To this day almost everyone is familiar with the story and characters of Peter Pan and what struck me as I read again the first scene in the nursery at the Darlings’ house was how loving it was towards children. Was the choice of the name “darling” for this family, deliberate? The impressions we usually nurture of Victorian parents being stiff and aloof from their offspring and that children should be seen and not heard is a million miles from the atmosphere of warmth and security here, where the mother and father – especially the mother – is hands-on in her dealings, reading goodnight stories and settling the high-spirited youngsters down for the night. This is a prosperous middle class family home in London, yet not run by servants. We’re candidly told amongst Barrie’s copious notes and directions that they can’t afford them, and so the children’s special nurse who helps with bath times and bedtime duties is a Newfoundland dog called Nana. With three children, Wendy, Michael and John, sharing a bedroom, Nana on guard and cosy night-lights above their beds, many a child watching the play might have envied this almost perfect family arrangement.
And it has to be said, the story grips you. Mary Darling is a little reticent at leaving the children so as to go out with her husband that evening because she thinks she has previously seen a boy’s face at the nursery window, despite their being several floors up. A boy accompanied by a strange moving light who, we know, will return to look for his shadow that he lost when he entered the room before. He was initially drawn there, not so much to befriend the children but to hear Mrs Darling’s bedtime stories, for he, like the other Lost Boys, is a child without a mother. Tinker Bell, the moving light, takes her name from her skill at mending fairy pots and kettles (she’s a little tinker). She’s a little bitch actually, especially to Wendy, though her character is redeemed by her devotion to Peter Pan for whom she gives up her life at one point by deliberately drinking the poison that Hook has left for him. On stage her dying light is restored by the applause of the audience. “If you believe [in fairies] clap your hands.”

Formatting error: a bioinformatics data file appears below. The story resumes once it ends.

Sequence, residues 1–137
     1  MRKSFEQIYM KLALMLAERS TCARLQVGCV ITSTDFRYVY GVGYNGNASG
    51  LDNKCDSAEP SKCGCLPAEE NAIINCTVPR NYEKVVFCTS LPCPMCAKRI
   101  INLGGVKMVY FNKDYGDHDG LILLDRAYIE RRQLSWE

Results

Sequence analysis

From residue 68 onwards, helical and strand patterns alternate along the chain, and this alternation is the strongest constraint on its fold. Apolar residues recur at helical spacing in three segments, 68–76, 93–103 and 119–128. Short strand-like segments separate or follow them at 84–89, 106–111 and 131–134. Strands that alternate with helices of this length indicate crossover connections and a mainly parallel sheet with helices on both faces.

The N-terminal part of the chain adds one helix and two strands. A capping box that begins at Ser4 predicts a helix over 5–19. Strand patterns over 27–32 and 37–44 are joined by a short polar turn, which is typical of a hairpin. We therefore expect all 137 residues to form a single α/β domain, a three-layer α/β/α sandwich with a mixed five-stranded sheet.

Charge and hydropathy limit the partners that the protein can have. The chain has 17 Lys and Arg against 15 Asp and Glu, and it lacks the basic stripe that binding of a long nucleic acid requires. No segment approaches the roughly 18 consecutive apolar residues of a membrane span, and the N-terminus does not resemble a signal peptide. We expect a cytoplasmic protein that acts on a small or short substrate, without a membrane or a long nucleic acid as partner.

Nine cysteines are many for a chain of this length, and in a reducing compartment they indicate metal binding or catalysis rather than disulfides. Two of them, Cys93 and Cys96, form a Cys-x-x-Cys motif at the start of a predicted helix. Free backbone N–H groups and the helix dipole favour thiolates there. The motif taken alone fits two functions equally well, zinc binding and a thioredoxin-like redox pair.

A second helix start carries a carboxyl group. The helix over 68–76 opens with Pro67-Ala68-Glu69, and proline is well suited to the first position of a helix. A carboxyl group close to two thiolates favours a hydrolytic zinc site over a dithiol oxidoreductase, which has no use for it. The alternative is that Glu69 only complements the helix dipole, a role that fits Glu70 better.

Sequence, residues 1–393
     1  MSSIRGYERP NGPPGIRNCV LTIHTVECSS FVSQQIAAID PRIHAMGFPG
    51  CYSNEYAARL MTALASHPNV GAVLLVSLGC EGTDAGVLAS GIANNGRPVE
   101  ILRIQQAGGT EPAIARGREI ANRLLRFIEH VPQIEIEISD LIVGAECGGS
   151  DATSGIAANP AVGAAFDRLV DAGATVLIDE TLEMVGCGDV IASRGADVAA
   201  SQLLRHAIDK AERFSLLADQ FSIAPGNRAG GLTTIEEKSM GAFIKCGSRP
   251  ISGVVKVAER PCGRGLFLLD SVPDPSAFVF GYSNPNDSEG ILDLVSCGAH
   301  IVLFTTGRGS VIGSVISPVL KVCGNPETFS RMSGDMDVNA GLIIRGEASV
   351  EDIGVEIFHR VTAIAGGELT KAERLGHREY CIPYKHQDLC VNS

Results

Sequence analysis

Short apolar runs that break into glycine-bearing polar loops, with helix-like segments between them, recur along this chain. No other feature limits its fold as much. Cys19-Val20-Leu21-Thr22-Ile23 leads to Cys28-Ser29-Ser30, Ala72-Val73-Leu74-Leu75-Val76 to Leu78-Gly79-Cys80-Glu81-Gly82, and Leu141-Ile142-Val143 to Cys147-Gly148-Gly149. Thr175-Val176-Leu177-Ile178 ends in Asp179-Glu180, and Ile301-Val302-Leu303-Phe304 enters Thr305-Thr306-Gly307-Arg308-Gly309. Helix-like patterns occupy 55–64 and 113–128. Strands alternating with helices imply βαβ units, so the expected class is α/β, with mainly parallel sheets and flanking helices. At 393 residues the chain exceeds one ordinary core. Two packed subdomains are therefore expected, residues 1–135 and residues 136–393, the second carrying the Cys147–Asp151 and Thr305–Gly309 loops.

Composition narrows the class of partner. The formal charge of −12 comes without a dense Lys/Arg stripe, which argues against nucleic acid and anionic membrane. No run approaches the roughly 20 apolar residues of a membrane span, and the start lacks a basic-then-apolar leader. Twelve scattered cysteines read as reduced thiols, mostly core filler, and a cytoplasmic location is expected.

There’s no specific mention of this being Wendy’s last night in the nursery, at least not in this version, in other words that she is on the brink of adolescence. She is the eldest of the children and while her two brothers are still asleep she flirts with Peter Pan in a childish way, goading him to give her a kiss – a concept he doesn’t understand. Tinker Bell understands well enough and is aroused to one of the first of her jealous fits. Wendy feels maternal when she learns that Peter has no mother and tries to embrace him but he instinctively draws away, saying “No one must ever touch me”. Peter is confused too when Wendy asks him about fairies and says she would like one herself. He states that Tinker Bell is his fairy then thinks that perhaps she can’t be because “I am a gentleman and you [meaning Tinker Bell] are a lady”. All manner of sexual and gender issues run beneath this first bedroom scene. With its tradition of the same actor playing Wendy’s father and Captain Hook, with its assertion that the Lost Boys are the babies that disappear from prams when the nurse maids are not looking, with the escape to a perpetual childhood of Never Land, the whole play has always been ripe for psychological analysis. But only if you want to take it that way. Otherwise it’s a tale that hasn’t ceased to entertain children and adults since it was first staged.